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How do latest EU Regulatory Laws affect cleaning products market?
Chemicals are arguably the main element and driving force of EU product regulation which, in turn, influences the marketing of products in the EU and worldwide. Although general chemical legislation (REACH or CLP) is well understood and implemented by many companies within the EU, there are some ongoing restrictions and authorisation requirements which may be more difficult for companies to get to grips with. So, what are the latest developments in EU regulatory law, and how do they impact the cleaning products industry?
Ales Bartl is an Associate at McKenna Long & Aldridge, specialising in EU product regulatory law and particularly in chemicals legislation. He is also the leader of this year's Cleaning Products Europe pre-conference workshop.
In his years of experience, which aspects of chemical legislation are the most difficult for companies to get to grips with and why?
"The biocidal sector has to accommodate the new EU Biocidal Products Regulation (BPR) which brings forward new elements, namely in connection with active substances, which are subject to transitional measures," he explains.
"Of course, the EU chemicals regulation brings significant administrative burden, in particular for SMEs.
“These regulations do, however, have a number of benefits. Having centralised rules for chemicals at EU level has simplified the simultaneous marketing of products in several EU Member States and also saves administrative resources and costs."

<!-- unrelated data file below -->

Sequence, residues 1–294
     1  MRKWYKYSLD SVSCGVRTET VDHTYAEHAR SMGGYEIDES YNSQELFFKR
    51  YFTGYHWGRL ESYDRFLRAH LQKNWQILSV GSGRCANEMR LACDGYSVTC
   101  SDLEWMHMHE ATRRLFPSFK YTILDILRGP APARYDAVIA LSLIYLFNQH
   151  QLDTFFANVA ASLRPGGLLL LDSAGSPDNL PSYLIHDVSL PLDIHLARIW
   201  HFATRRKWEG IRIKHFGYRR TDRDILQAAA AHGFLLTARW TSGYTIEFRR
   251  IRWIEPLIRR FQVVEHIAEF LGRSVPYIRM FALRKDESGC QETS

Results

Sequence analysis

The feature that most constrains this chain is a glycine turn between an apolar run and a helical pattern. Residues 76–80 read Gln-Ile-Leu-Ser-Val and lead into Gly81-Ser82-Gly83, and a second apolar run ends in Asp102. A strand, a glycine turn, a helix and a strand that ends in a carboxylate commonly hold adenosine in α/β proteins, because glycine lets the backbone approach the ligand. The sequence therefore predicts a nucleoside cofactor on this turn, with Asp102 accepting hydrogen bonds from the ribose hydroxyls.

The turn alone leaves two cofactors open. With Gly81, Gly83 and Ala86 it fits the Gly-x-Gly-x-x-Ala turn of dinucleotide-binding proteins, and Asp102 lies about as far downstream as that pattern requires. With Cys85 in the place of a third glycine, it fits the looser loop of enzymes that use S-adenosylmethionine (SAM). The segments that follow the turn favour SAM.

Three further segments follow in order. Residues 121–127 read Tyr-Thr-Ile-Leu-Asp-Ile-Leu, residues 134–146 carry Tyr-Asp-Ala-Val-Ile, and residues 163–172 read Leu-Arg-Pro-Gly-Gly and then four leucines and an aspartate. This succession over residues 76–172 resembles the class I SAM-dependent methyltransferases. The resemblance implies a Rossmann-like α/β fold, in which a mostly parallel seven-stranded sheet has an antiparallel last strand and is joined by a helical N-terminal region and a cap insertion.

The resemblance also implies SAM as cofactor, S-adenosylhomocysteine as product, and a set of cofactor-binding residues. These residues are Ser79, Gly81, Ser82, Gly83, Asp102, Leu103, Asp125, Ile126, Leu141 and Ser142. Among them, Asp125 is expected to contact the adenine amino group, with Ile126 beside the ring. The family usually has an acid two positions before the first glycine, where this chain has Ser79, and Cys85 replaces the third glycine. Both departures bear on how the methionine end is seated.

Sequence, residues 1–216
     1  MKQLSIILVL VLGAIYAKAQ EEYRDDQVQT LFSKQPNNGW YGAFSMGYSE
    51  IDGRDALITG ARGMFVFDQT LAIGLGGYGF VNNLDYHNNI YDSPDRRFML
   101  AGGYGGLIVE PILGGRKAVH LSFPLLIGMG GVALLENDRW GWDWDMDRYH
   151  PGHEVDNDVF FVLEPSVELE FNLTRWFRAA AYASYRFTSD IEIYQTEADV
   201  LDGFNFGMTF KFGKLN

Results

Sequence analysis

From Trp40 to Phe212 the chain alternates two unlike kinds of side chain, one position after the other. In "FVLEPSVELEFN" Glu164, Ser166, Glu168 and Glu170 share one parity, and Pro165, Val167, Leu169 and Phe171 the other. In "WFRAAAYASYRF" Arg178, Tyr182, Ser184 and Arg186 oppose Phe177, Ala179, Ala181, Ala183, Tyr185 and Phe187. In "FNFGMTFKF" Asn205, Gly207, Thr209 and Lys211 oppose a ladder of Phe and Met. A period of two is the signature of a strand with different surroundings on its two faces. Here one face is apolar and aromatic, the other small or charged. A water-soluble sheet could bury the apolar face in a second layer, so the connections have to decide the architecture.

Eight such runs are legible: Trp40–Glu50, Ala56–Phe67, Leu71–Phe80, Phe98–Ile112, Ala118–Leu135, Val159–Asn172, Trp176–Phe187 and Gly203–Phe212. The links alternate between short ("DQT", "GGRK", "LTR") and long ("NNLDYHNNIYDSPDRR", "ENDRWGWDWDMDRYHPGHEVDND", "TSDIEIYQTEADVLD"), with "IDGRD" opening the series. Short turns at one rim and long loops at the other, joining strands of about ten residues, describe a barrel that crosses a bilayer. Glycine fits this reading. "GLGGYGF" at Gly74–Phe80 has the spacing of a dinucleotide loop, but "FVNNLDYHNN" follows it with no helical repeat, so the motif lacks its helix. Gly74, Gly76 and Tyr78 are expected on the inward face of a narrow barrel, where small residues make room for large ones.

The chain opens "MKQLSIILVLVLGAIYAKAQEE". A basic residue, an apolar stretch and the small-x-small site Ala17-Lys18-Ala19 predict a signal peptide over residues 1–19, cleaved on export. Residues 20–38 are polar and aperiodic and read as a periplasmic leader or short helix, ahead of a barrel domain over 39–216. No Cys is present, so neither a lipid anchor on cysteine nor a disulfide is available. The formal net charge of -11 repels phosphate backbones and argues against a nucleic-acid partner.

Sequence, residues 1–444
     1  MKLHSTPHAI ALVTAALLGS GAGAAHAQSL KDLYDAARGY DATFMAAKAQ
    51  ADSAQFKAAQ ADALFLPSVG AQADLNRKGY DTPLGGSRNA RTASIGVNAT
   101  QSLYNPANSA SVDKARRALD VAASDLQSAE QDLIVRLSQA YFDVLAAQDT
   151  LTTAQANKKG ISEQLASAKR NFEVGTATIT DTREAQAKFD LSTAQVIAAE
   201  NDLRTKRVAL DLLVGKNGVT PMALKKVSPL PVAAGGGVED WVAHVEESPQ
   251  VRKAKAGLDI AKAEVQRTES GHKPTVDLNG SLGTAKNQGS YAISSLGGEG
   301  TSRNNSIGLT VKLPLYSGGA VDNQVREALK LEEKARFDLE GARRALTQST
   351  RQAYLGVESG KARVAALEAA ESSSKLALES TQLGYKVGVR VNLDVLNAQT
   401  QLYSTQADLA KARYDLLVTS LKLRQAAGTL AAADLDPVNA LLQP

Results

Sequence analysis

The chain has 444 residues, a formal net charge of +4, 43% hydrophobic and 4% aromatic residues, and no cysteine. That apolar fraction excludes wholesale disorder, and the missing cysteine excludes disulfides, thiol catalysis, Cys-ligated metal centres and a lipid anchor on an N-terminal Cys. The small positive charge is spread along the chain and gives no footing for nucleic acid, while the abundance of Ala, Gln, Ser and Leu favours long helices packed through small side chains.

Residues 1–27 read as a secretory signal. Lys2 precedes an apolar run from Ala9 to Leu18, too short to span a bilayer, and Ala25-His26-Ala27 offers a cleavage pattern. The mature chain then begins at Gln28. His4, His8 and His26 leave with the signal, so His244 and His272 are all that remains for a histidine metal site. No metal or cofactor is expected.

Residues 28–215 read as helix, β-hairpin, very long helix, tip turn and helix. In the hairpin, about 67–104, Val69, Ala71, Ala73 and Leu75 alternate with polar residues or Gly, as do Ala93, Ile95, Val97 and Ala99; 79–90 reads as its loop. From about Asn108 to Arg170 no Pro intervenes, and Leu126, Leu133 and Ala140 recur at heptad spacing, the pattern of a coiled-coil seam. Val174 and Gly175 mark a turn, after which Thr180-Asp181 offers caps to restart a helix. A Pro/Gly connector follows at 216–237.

There has been discussion as to whether EU regulations are stringent enough, or conversely, whether they act as too high a barrier to new product placement. Where does Ales Bartl stand on the subject?
"When compared to the US, China, Japan etc., EU legislation appears to be the most stringent and complex,", he argues, although he goes on to suggest that the strict nature of the regulations may be a necessity…
"In my opinion, they are well balanced between the need for protection of health and the environment, and the need to maintain the competitiveness of the EU's industry."
Similarly, Ales is keen to state that any barriers to product placement due to health or environmental concerns must continue to be carefully assessed against socio-economic impacts.
It is worth noting that in this dynamic industry, regulations can be subject to change and amendment. To what extent are chemical regulations set to change in coming years?
"The basic EU legal framework has already been established and I do not expect any structural change," argues Ales. "Of course, the EU will continue to adapt its regulation to technical progress, for example with regard to nano-materials. In addition, the EU will also continue to identify substances that are carcinogenic, reprotoxic or that have (or might have) endocrine disruption properties."
The new EU Biocidal Products Regulation is also set to impact the home care industry. Ales explains: "A wide range of homecare biocidal products contain active substances that are still under the EU review programme and thus are still subject to national authorisations." He adds that some active substances will eventually not be approved, which will affect large industry segments. To combat this, producers should keep themselves up-to-date regarding the status of their active substances, and be ready for potential phase-outs. He adds that they should also consider advocacy possibilities and legal remedies regarding negative decisions.
Ales will be speaking at the Cleaning Products Europe Pre-conference Workshop, being held in Manchester this March, from 25th – 27th. The workshop will present applicable EU legislation, taking examples and borderline products as a benchmark. Based on questions and answers, this event will provide a possibility for companies to share their regulatory experiences and challenges. Don't miss out and book your place at Cleaning Products Europe now at:
6th March 2014